"The 1940 census is generating a lot of interest," said Paul Nauta, public relations manager for RootsTech. "Not only was this the Greatest Generation that went through the Great Depression and a world war, but many people personally know those listed in the records."
The United States has taken a census of its population every 10 years since 1790, listing information such as names of household members, ages, birthplaces, marriage information and military service. Privacy restrictions do not allow the records to be released for 72 years.
The 1940 census introduced new questions, such as whether a person worked for the Civilian Conservation Corps, a public work relief program; Works Progress Administration, which employed workers to build public buildings and roads or to participate in arts, drama, media and literacy projects; and the National Youth Administration, which provided work and education for Americans between the ages of 16 and 24.
Other census questions asked where people lived five years before, the highest educational grade achieved and detailed income and occupation information.
The release of the 1940 census is a joint initiative between FamilySearch, Archives.com, findmypast.com and other leading genealogy organizations in an effort to provide quick access to the digital images. As soon as indexes for one state are completed, they will immediately be placed online, Nauta said.
More than 130,000 volunteers have helped with FamilySearch projects, indexing records all over the world, but even more volunteers are needed.
To facilitate that goal, FamilySearch has launched its mobile application for indexing. The mobile app works on Apple iPads, iPhones, and Droid smartphones. To download the free app, search for the FamilySearch Indexing app in the Apple app store or Droid Market store online, said James Ericson, FamilySearch market manager for moble apps.
FamilySearch also announced a book-scanning service to make digital copies of printed family history or other books of genealogical value, and place them online.
Volunteers may donate personal works, books that are copyright protected and books that are in the public domain. Donors in turn, keep the original and receive a digital copy. Copyrighted books also may be donated by the copyright holder or an authorized representative.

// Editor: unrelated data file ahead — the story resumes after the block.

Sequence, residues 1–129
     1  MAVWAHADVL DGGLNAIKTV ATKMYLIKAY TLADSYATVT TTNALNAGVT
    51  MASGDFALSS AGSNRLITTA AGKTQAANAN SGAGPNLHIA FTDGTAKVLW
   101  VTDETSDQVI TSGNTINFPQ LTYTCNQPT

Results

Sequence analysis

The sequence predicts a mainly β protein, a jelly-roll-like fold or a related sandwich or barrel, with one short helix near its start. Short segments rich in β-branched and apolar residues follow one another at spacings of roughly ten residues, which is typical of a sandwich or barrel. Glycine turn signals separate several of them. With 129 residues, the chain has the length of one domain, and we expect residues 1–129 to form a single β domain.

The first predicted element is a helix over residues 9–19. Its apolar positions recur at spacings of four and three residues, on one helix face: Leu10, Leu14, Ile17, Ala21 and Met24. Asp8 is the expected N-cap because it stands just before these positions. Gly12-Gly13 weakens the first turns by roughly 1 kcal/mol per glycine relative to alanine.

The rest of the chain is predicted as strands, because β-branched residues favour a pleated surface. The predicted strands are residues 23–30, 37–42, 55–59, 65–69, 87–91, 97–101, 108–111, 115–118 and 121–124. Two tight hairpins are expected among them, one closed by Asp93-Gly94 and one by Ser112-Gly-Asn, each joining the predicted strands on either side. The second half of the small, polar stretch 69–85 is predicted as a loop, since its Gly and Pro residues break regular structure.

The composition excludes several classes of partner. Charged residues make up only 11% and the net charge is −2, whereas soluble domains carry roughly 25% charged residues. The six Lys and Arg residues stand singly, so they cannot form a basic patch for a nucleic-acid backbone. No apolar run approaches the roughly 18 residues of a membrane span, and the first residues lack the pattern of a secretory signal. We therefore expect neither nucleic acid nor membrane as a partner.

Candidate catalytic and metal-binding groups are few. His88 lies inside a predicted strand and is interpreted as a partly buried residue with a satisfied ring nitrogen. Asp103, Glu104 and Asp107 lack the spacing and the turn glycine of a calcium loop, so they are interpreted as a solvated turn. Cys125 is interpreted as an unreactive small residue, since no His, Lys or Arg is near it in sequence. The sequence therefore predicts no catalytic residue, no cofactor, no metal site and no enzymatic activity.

"Records are far more accessible today, especially for people doing genealogy from the other side of the world," said conferencegoer Martyn Killion of Sydney. "It's amazing to see the technology advancements and the number of volunteers who are willing to donate their time and expertise in putting together indexes. There's a sense of commitment with genealogy that is worldwide."
Joe Garonizik, a genealogy book publisher from Baltimore, said that doing genealogy is getting "easier every year. Records and connections are available that someone might not have dreamed of a few years ago."
Eileen Lentz of Salt Lake City said more people are doing genealogy, but "there's still the sentiment that someone else in the family has already done it. But there are still many pieces missing. It's interesting and important that you fill in that piece."
Among the exhibitors at the conference was Flip Pal Mobile Scanners, which sells a lightweight battery-powered scanner intended to make research easier. It stores scans on a memory card, similar to a digital camera, and can scan photos, newspapers, books and historic documents. The scanner sells for $149 or $199.99 for the deluxe edition.
firstname.lastname@example.org Twitter: @DawnHouseTrib What's new in genealogy:
U.S. Census • 1790 to 1840 now indexed on free website FamilySearch.org
1940 census • To be released April 2, indexes will be placed on FamilySearch.org
Phone apps • Volunteers may index censuses, records via smart phones or iPads.
Family, history books • Books in public domain may be placed online at books.FamilySearch.org
Technology & Genealogy Conference • To be rebroadcast at RootsTech.org.
For more information • Visit FamilySearch.org or RootsTech.org